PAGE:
Have you had a passion so strong, that it just needed to be let out? Something that you felt the world needed to know? That's Ruby Bridges, one of the first African-American girl to go to an integrated public school in Louisiana. She felt apprehensive, scared and clueless all at the same time. If you were in her situation, what would you feel or do? Ruby Bridges was an important figure in shaping the modern day America, and in doing so showed all of us kids what it really means to fight for your right, without violence.
THE EARLY YEARS
Ruby Nell Bridges was born on September 8, 1954 in Tylertown, Mississippi. Her parents were sharecroppers, people who rented land and instead of paying with money, they paid with crops. "Sharecropping is hard work. On the day before Ruby was born, I carried 90 pounds of cotton on my back. I wanted a better life for Ruby." ( Lucille Bridges) Both sets of Ruby's grandparents were sharecroppers and she would spend very hot summers helping them. In 1958, Ruby's family moved to New Orleans, Louisiana, and lived on a heavily populated African-American block. Her mother did various night jobs, while her father was a service station attendant and by the time she was 6, she had many brothers and sisters. Her job was to watch them, and she did a pretty good job. Ruby Bridges' life really didn't include anything off her block, but that was all about to change.
KINDERGARTEN AT JOHNSON LOCKETT
When Ruby was 5 years old, she started kindergarten at Johnson Lockett Elementary School. "My segregated school was fairly far from my house, but I had lots of company for the long walk. All the kids on my block went to Johnson Lockett" (Ruby Bridges) Ruby's school was all black, and she had many friends. In the spring of 1960, the government decided to force two white school to integrate and Johnson Lockett was to test their kindergarteners to see if they could make it in white schools. So, Lucille dressed up Ruby in her Sunday finest and took her uptown, to the school board room and waited to be tested. That summer, several people from NAACP (National Association for the Advancement of Colored People) came to her house and told Ruby's parents that she had passed to test and was to go to William Frantz Elementary School. It was closer and better than Johnson Lockett. Abon was very apprehensive about it, saying, "We're just asking for trouble," but Lucille thought it to be a great idea, and finally convinced him into going for it. Ruby really didn't understand what was going on, but she was going to FIRST DAY OF 1st GRADE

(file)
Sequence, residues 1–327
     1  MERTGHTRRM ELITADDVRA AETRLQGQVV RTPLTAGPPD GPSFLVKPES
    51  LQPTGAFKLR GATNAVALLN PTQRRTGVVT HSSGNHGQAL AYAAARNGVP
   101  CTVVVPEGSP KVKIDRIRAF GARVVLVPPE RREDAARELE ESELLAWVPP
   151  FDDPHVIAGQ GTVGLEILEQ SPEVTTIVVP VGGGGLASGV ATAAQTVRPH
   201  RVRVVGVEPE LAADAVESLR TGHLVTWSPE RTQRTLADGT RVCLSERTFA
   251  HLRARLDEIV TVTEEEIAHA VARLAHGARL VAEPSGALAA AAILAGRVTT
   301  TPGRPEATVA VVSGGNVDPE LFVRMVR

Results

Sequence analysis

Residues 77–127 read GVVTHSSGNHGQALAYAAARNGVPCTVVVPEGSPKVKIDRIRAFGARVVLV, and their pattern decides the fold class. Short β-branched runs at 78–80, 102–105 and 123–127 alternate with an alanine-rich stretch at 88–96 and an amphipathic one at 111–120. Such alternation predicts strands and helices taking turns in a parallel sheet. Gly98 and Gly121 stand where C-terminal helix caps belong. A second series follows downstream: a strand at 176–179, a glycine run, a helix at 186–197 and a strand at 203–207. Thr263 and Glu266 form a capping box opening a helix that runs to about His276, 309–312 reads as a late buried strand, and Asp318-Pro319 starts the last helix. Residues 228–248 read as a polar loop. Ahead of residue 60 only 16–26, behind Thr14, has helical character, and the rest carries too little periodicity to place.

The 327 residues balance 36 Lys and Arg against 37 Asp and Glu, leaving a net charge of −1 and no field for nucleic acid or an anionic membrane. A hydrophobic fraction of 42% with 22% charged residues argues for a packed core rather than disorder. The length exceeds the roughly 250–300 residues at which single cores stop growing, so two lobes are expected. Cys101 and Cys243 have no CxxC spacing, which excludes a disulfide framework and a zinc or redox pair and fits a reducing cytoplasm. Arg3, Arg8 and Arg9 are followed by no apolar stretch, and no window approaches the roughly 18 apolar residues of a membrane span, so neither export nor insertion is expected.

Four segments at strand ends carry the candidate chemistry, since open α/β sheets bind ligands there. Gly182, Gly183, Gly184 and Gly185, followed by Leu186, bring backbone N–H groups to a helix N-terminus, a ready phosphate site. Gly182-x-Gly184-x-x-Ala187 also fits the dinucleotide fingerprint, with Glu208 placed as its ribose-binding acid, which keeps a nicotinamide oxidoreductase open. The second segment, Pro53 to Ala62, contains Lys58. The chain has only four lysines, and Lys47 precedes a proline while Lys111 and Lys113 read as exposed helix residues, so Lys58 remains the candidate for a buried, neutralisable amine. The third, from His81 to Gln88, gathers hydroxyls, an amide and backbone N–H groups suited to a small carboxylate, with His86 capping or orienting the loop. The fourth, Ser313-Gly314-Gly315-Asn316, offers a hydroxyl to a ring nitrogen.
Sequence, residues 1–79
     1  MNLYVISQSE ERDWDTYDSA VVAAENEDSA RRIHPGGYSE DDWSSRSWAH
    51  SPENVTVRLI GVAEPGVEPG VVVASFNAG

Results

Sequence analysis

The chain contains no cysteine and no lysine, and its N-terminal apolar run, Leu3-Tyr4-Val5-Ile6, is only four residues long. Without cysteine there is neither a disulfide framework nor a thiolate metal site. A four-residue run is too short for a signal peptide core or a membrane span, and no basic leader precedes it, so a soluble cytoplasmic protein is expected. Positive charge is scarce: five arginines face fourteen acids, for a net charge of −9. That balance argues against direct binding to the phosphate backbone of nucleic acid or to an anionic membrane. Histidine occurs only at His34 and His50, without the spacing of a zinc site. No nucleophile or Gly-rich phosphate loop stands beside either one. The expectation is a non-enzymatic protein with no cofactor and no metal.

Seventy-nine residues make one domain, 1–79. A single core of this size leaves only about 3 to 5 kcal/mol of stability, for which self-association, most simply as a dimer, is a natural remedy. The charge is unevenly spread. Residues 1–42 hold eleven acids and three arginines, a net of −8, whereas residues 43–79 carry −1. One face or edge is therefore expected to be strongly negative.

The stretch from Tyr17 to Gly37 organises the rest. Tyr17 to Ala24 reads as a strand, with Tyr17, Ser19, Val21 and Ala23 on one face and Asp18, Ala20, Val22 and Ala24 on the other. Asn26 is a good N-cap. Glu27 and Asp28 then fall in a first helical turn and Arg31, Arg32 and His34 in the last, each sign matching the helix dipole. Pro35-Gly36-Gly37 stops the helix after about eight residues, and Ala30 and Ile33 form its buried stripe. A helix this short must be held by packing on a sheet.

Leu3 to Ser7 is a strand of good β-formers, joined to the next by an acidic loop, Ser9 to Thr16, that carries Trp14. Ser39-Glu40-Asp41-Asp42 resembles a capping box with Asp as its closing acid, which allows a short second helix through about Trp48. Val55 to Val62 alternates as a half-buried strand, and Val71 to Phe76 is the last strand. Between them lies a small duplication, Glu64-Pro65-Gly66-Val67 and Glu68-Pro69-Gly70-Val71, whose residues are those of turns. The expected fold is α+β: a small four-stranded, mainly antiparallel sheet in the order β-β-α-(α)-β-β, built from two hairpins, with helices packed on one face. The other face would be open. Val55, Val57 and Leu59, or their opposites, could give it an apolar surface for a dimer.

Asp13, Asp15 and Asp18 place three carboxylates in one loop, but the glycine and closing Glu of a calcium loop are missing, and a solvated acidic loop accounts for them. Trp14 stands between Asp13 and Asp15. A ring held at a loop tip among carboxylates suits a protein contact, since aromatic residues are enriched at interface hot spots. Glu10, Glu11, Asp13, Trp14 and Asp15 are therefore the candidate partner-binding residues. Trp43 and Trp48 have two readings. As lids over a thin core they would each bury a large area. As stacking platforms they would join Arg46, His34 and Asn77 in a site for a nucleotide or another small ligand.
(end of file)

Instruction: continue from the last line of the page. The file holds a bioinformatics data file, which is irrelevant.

On November 14th, 1960, Ruby Bridges was ready to go to her new school. William Frantz Elementary School was an all white school, and many people were in an outrage because it was being integrated. In fact, the day school started was pushed back because government officials found a way to slow down the process. On that Sunday before she went, her mother said, "There might be a lot of people outside the school, but you don't need to be afraid. I'll be with you." On that November morning, many federal marshals showed up at her door, saying they were to escort her to her new school. When they got to William Frantz, a huge mob of people were outside the school. The mob was shouting things, and holding unpleasant signs. The scariest thing to Ruby was that a black girl was in a coffin and a little girl was holding it. Ruby did intrigue many people and one of those people was Norman Rockwell, and he painted a picture called 1The Problems We All Live With. After Ruby finished her 1st grade school year, she had slowly gotten used to the whole fiasco, and she went through school with the same respect as she had in 1st grade. It did get better, throughout her career, she finished high school and became a flight attendant.
When Ruby got older, she had done many things to help the Civil Rights Movement. She had established a foundation called "The Ruby Bridges...
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